Christian’s momentum is taking him into another rotation. He still has the bar in and is tucked up, so all he has to do is pull in hard on the back of the bar and push away with his front hand. As fun as it is to get as much power out of the loop, when learning you want it to get around fast so be positive with your bar movement. You can see that Christian has his back hand slightly down the bar, whilst his front hand is near the centreline. This means he can pull easily on the back, and keep the bar on the sweet spot with the front.
Once you pull be ready for the kite’s power to pull you around. Here Christian has now turned his head to look over his front shoulder. This will help him “go with” the kite as it loops, meaning that he’ll turn slowly as the kite pulls him around. Once you’ve got here you are fully committed, so keep pulling and don’t let the kite pull the bar out and away from you.
Around to Land
As the kite goes through it’s loop and starts to climb, keep the bar in and the kite turning. As long as you keep looking, keep the bar in and keep the kite moving you’ll come around. Once you can see your landing as Christian can here you know you’ve made it. Only thing left is to land downwind and then get back on your edge quickly to get tension on the lines and get the kite back under control.
Depending on your height and the speed of the loop, you may need to dive the kite hard to prevent it from overflying behind you!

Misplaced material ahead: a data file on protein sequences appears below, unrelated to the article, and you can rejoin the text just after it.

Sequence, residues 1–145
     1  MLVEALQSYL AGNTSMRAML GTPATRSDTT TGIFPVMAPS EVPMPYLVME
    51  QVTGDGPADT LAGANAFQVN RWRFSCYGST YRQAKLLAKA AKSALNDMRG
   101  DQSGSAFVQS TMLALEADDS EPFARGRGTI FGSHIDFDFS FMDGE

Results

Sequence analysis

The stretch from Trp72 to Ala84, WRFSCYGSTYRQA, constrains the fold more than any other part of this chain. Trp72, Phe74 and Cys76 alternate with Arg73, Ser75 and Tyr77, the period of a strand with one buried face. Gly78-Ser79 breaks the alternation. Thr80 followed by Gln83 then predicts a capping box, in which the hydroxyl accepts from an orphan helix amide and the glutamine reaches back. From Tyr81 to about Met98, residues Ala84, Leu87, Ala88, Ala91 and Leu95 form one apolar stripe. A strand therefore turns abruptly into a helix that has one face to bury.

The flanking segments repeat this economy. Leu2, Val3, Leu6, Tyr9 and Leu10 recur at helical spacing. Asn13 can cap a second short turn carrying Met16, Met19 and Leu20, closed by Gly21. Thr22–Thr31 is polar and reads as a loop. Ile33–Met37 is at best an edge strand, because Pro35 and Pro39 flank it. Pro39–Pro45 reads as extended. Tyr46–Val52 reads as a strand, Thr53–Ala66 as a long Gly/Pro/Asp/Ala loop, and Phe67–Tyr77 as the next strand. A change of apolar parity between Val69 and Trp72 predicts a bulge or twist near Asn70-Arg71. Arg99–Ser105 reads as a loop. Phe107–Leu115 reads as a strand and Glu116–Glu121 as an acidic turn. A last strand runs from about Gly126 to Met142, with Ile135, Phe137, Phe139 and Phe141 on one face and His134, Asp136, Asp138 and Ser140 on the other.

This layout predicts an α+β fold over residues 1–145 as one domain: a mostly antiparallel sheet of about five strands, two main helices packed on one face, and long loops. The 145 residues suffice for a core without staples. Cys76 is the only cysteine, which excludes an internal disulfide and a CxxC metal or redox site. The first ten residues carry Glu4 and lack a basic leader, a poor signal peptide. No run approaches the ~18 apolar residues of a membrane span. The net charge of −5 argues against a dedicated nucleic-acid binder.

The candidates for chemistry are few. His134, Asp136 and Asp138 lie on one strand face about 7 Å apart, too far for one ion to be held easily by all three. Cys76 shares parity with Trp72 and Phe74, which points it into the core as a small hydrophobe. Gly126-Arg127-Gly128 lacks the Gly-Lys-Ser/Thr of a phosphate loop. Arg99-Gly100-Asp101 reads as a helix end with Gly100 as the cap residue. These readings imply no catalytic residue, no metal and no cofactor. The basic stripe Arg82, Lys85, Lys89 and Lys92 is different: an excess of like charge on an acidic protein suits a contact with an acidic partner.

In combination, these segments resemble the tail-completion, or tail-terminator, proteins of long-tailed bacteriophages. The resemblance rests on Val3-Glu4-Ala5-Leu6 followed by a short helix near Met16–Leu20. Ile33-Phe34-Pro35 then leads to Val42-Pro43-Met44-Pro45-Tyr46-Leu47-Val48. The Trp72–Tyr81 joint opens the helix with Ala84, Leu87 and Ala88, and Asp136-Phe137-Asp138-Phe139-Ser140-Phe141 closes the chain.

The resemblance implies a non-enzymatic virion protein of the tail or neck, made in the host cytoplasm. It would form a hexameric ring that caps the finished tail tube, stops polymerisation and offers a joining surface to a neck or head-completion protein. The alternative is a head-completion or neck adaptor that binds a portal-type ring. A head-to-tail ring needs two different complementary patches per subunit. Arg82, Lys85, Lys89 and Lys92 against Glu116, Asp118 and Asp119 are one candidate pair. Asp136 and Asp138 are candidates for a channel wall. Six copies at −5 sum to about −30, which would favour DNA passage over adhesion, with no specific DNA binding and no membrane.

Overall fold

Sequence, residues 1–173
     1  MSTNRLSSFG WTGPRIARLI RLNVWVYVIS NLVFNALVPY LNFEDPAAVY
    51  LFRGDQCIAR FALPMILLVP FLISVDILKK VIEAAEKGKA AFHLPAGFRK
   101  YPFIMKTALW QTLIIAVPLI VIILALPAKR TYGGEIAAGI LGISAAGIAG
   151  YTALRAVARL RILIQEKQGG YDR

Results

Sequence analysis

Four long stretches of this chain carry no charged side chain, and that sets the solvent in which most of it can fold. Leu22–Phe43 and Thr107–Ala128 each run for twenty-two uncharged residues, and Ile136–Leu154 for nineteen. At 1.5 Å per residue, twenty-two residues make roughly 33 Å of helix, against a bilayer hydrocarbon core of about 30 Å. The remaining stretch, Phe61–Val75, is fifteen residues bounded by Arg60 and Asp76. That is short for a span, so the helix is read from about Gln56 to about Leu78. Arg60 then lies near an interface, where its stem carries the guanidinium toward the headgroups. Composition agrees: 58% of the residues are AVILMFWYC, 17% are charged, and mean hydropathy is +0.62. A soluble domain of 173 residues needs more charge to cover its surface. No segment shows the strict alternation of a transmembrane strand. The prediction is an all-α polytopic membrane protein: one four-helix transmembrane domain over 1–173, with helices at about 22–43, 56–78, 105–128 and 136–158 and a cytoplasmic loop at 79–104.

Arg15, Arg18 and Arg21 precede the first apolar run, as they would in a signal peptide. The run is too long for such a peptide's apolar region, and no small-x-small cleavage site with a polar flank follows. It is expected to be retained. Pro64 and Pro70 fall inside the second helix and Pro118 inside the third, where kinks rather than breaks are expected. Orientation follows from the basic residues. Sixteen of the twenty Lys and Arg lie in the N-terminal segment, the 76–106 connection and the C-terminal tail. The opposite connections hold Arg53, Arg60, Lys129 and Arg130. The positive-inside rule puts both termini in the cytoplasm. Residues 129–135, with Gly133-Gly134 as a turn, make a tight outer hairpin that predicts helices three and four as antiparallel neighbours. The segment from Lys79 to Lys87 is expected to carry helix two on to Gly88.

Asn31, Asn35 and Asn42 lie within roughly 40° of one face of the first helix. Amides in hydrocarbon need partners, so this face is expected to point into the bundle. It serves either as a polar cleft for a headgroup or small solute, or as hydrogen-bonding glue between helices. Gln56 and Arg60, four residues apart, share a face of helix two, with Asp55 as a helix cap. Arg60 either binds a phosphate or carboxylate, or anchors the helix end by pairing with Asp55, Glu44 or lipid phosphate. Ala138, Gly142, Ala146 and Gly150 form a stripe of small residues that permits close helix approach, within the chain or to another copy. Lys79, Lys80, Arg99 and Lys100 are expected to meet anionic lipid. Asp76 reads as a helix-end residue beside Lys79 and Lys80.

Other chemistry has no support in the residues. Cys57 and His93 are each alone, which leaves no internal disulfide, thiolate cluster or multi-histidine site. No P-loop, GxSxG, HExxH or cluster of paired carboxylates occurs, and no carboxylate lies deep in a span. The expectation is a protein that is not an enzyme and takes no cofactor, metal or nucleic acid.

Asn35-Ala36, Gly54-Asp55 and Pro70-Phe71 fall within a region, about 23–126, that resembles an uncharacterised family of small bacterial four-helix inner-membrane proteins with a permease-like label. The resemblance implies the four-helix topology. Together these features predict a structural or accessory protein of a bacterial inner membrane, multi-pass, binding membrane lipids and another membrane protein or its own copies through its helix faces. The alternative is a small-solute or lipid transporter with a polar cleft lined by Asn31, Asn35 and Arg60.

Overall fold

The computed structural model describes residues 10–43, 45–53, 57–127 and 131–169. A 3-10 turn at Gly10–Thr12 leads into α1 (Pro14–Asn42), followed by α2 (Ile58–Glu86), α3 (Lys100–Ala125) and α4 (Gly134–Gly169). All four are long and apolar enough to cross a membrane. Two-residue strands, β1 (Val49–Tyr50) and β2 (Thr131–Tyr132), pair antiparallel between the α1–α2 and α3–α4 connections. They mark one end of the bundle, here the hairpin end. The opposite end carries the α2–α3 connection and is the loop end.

Before bashing on with this, definitely bang out a few back loops to work out how hard you should send the kite and how fast you should rotate, then you can amp up the rotation a little bit and add the loop.
This move is all about timing. As long as you don’t let the kite drift too far back on take off, and pull for the kite loop as you start your second rotation it will work. We’d recommend not trying this too powered up to start with, work your way up in steps, both height and power, as you don’t want to be coming in on you side or back!
Now have a good look at the Sequence and Videos for the full monty.
Kite drifting too far back during first rotation. Chances are that you let the bar out as the kite started to lift, and/or you didn’t send the kite hard enough. If you want to tone it down it is better to give a hard but short yank on the bar than to slowly drift the kite.
If you’re over rotating and starting a third back roll you are either pulling for the loop to late, or spinning yourself into the first rotation with too much energy. The quick fix is to make sure you pull on your back hand as soon as you start the second rotation as the kite will pull you out of it for a down wind landing.
- Approach as for a jump
- Good send with bar held in
- Make yourself small
- Pull hard as soon as you start 2nd rotation
- Keep pulling and turn head as power comes on
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This technique article was in Issue 43 of IKSURFMAG.